Not to make a car at home, not at all. But our trusty Nissan Sentra, which is 21 years old and has provided us an excellent service for the last six years, is starting to protest. It's leaking oil and consuming water and got rather hot and stinky on the way home from Nelson to the point that we turned round and went back to Wakefield to get it checked out. It will likely putter round town for a while yet, but in terms of travelling over the hills to leave the West Coast in any direction, it is losing reliability.
We don't do car credit in our family. Borrowing money, paying interest on something which depreciates, is a craziness we have thus far avoided and we want it to stay that way. So how to save more money? To make all food at home. I don't mean absolutely everything from scratch but I do mean no takeaways and no bought lunches. We've done it before and we can do it again. Starting this project in the holidays helps get a bit of organisation going. Until it drives me and you completely insane, I am going to log what we eat each day and see if it keeps me focused. Commentary is likely to be random and inconsistent.
Thursday 19 April:
breakfast: poached eggs on toast. FH cooked it. Everyone ate it. Eggs from our own chooks. Altogether virtuous. Once upon a time I used to make the bread for it as well. That was a long time ago and unlikely to be repeated.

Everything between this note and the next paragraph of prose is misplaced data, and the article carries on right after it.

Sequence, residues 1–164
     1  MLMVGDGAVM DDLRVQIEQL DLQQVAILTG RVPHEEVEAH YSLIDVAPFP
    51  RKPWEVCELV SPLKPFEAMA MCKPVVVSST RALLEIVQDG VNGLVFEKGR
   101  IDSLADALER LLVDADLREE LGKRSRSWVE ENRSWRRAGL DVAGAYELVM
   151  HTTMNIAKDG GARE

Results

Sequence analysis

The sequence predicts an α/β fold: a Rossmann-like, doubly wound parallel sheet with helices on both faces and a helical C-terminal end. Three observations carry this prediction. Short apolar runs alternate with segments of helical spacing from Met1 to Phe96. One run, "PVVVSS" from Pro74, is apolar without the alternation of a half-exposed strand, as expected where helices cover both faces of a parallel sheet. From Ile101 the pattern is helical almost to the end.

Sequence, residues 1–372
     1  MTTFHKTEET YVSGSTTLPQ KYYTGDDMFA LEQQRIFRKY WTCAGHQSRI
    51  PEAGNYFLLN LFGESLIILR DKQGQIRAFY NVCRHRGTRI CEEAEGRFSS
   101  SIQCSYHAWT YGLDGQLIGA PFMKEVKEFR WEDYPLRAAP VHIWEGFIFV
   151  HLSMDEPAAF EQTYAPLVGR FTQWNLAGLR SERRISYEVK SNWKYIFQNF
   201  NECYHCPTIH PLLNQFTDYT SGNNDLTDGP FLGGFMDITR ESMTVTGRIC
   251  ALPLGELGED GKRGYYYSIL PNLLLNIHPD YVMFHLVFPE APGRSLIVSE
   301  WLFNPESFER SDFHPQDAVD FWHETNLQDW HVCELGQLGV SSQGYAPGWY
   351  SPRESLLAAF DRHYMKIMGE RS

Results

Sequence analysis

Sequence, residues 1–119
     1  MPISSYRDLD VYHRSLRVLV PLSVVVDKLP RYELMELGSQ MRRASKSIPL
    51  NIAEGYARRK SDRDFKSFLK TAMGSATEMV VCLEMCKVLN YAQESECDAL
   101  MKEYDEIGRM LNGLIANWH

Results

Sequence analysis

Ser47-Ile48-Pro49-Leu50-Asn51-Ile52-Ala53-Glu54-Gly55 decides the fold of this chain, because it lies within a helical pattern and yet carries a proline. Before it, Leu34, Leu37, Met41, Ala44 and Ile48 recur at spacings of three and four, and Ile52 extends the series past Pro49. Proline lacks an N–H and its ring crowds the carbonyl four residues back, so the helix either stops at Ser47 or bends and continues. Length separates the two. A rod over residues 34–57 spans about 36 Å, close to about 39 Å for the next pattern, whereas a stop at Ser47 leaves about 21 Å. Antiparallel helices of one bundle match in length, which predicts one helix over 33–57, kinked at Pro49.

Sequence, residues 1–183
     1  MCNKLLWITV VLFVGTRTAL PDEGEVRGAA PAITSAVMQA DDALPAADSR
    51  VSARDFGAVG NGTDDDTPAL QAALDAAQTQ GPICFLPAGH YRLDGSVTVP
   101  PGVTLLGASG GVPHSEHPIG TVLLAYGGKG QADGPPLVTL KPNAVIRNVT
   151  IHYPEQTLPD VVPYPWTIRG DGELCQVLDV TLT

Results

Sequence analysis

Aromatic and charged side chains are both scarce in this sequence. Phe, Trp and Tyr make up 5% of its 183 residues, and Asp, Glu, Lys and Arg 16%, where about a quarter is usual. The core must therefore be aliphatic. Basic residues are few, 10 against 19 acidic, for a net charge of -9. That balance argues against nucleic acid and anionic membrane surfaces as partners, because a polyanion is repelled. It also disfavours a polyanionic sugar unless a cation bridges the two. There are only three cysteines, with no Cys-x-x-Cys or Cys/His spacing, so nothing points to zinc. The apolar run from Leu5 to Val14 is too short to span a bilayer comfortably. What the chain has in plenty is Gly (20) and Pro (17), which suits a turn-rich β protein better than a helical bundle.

lunch: Pete's potato cake, raw carrots and hummous. The potato cake was fine, though not quite as tasty as would be perfect. It is my first attempt at this Annabel Langbein recipe. Home made hummous (chickpeas from a can). We took FH's down to work for him. This needs to be a whole family home made project if we are to save lots of money.
tea/dinner: stir fried veges and rice. Rhubarb and apple crumble with icecream. I added anchovies to the beginning of the veges (onion, garlic, aubergine, zucchini, tomatoes, broccoli) and bacon towards the end. The rhubarb is from our garden, where it grows prolifically without any logical reference to the fact that we hardly eat the stuff. We don't usually have pudding, but as I spent this afternoon burying bokashi in the rhubarb garden, I had to snap quite a bit off so there was room to do/grow anything else. I have a great and easy rhubarb cake recipe but my kids don't eat it.
Other virtuous things: this is my sixth night without a drop of alcohol.
Another virtuous thing is that I dusted this morning. Only because I am rearranging almost everything in the house (yes, still) and now we have a china cabinet with china in it and as of late this morning, it wasn't even dusty china.